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Merkel backs student climate protests

March 2, 2019

German Chancellor Merkel has praised protests by school pupils urging more action on climate change. But she said they would have to be patient about Germany's phaseout of coal-fired energy.

Berlin demonstration for climate protection
Image: picture-alliance/dpa/B. Pedersen

German Chancellor Angela Merkel has voiced support for weekly protests by school students calling for faster government action to combat climate change.

In a video podcast released on Saturday, Merkel said she was very supportive of the fact that "students take to the street in the cause of climate protection and fight for it."

"I believe it is a very good initiative," she added.

Read moreClimate protection: Where do the EU's right-wing populists stand? 

Reconciling economy and environment

At the same time, Merkel warned pupils against expecting rapid measures aimed at protecting the world against global warming.

"I know that the students want many things to go faster, such as the exit from coal," Merkel said. "But as head of government, I must point out that we have to take a lot of things into consideration: We have to reconcile jobs and economic health with the goals of climate protection."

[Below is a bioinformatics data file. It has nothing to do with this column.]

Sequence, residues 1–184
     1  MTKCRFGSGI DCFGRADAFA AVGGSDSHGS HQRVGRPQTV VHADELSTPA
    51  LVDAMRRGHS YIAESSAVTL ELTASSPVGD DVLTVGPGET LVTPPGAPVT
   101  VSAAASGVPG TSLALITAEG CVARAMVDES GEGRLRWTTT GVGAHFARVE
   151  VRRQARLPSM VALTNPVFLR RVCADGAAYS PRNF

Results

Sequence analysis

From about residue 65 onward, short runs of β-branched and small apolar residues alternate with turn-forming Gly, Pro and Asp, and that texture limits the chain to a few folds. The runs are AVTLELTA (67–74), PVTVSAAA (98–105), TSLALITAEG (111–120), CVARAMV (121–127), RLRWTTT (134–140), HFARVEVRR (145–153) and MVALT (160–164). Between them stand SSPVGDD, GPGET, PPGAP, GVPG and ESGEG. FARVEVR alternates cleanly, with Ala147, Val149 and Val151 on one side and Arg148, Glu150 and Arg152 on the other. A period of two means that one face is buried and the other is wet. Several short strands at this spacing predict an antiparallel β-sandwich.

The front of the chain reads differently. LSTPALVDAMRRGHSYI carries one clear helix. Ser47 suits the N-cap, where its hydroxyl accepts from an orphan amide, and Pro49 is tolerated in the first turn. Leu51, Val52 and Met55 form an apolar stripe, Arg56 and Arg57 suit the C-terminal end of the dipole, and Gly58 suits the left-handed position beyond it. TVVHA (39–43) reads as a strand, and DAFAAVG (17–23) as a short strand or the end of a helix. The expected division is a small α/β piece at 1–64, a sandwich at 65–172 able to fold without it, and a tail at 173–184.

'It's not about me, it's about the climate'

She said that the government had therefore decided on 2038 as the date by which Germany would stop its reliance on coal-fired energy.

"From the point of view of the students, that perhaps seems very long, but [the exit] will be a great challenge, and I appeal to them to understand that, too," the chancellor said.

Read more: Germany to fall short of 2020 climate goals: report

'A matter for free time'

Merkel's supportive remarks form a contrast to the negative view taken of the protests by several other German politicians, who have called on students not to miss school to take part in demonstrations.

Education Minister Anja Karliczek, a fellow member of Merkel's Christian Democrats, on Friday told the Frankfurter Allgemeine Zeitung newspaper that although she welcomed the students' political involvement, "even commitment that is worthy of support should be a matter for free time and is no justification for truancy." 

The student protests in Germany and elsewhere have been taking place on Fridays, following the model of Swedish climate activist Greta Thunberg, and have become known as Fridays for Future.

This week, Thunberg, 16, who has been protesting in front of the Swedish parliament since August 2018, mostly on Fridays, joined German students for a climate march in the northern city of Hamburg.

She has now inspired a worldwide student movement, with a global demonstration under the motto "Global Strike for Future" planned for Friday March 15.

tj/jlw (dpa, epd)

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